Heritage do high-energy covers of old favorites by Cream, the, Doors, Led Zeppelin, Bob Marley, Hendrix, Dylan, the Beatles, Santana… good organic pre-industrial stuff. But what they do best, and the reason I really respect them as musicians, is their own material. Much of it is instrumental, atmospheric, exploratory, rhythmically intricate. The influences I detect include early Mahavishnu, Jethro Tull, Genesis – and there seems to be recurring references to Irish and Scottish folk modalities.
Stranger In Town, for example, opens with an Irish-sounding jig performed on the violin. A strong Celtic flavor pervades Together Again. However, on Boy Becomes Man and I Don’t Know, they go absolutely African.
On something called The Easterner they go the whole hog with Javanese, Chinese, Indian, and Middle-Eastern motifs exotically beaded together. Heritage is one of the few bands with the intelligence and taste to swing this sort of pan-ethnic fusion successfully.
Their mastery of the mixed musical metaphor comes across on epic compositions like Dr Jekyll and Mr Hyde – which begins as a jazzy ballad and then transforms itself into hard, hideous rock.
The number of bars allocated to solo improvisations varies with the mood of the band and their audience’s receptivity. On a good night the solos stretch to five minutes or more. Gordon, when the energy’s right, can easily sustain a 20-minute percussion interlude without losing his audience for a second.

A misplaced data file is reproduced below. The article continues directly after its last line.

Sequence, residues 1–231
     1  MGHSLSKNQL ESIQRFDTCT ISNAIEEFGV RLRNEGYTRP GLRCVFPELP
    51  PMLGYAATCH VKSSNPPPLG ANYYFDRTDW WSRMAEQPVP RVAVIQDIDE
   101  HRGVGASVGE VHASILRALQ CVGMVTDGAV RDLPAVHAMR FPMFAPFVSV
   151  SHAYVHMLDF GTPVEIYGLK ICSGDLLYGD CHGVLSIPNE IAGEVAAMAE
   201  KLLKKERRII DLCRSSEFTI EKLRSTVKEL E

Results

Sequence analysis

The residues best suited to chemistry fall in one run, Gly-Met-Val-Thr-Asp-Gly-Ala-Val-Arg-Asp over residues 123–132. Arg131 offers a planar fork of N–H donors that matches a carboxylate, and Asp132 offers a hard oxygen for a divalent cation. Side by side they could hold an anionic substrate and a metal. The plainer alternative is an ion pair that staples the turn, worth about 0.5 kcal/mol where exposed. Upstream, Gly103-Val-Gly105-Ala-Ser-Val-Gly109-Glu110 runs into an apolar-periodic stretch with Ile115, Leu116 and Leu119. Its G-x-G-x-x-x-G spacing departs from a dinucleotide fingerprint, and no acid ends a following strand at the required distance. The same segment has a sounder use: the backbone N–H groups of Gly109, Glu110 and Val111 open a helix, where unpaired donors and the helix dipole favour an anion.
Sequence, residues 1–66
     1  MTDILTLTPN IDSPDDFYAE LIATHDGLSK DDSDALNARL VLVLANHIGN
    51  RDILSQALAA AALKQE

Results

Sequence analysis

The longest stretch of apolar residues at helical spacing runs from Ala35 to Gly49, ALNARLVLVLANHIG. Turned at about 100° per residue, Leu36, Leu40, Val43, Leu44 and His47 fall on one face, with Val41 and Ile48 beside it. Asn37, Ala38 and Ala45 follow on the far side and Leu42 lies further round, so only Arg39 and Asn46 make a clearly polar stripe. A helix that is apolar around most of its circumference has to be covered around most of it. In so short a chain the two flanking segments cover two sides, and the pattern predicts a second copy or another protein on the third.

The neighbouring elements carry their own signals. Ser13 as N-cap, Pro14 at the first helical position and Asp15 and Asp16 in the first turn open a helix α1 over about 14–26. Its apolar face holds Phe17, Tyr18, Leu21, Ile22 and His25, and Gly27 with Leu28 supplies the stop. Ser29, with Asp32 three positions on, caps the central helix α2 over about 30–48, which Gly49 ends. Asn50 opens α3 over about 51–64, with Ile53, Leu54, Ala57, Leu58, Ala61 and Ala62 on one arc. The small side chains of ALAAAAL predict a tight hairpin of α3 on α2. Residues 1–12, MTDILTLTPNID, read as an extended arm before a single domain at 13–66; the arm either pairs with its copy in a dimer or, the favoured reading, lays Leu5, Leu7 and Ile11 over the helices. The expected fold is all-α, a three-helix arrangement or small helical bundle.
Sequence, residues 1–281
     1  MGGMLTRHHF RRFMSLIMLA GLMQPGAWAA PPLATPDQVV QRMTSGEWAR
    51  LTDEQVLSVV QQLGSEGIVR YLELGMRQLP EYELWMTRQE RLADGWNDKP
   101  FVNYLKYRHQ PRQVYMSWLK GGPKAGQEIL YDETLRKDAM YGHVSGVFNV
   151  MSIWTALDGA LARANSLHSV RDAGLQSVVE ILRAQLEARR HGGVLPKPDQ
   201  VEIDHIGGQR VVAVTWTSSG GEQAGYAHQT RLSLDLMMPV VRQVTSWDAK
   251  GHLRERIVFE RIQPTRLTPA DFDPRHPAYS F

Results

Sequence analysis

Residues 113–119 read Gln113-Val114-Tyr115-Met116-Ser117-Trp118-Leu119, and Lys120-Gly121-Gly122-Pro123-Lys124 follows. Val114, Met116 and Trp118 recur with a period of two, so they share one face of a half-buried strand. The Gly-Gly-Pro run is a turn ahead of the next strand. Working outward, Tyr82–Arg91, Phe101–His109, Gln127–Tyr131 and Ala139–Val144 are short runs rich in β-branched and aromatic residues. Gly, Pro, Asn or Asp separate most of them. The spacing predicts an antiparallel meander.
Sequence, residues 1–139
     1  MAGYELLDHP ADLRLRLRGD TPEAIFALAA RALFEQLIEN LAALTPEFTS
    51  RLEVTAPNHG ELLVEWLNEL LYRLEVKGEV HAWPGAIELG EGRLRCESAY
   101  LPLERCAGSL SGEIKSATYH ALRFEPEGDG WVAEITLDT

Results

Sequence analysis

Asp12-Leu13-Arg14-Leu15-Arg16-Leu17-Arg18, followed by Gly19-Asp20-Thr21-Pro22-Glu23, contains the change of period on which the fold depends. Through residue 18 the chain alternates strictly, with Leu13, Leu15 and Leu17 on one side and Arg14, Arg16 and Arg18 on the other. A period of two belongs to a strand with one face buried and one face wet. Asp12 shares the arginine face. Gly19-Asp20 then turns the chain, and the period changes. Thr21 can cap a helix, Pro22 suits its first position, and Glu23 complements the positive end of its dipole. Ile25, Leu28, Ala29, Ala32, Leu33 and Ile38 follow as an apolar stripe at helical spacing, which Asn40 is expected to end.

How do they work out new material? Is it all written out? Heritage compositions are notable for their sophisticated structures and tempi.
“Well, I do read,” says Atwell with an earnest grin, “but not fast enough to be comfortable with scores. So we work everything out on tape. Everyone contributes his own ideas. After you’ve listened to the practice tapes a few dozen times the music gets kind of absorbed into your system.”
In this manner Heritage have generated intricate Mahavishnuish pieces like Wheel of Life and Worlds Within A World, both highly engaging exercises in contemplative funk, as well as folk-rocksy numbers like the Legend of the Headless Horseman – according to Atwell, “a galloping instrumental.”
The Horseless Headman? That gets a chuckle pout of Atwell: “Yeah, sometimes it turns into that.”
The band must get pretty tired of playing in noisy pubs, to pretty much the same crowd every week.
“Three months is a bit too long,” Atwell admits. “But long stints also give us time to experiment. We just wrote a new one while we were in KL. It’s called Second Wind. Actually, we really like our Malaysian audiences so far. They seem a lot more adventurous musically. I’m surprised when people actually request Nexus – make sure you get the spelling right. It’s a spooky avant-garde piece and the Singapore pub crowd didn’t seem to like it – but in KL they actually stop talking and listen. Yeah, we’d play KL again anytime.”
Why not try Australia next? Or Europe?
“Sure… but how? We have no contacts there. We don’t even have a manager now.”
That’s the problem. Heritage badly needs a video. They deserve one, dammit – they’ve paid their dues.
27 January 1990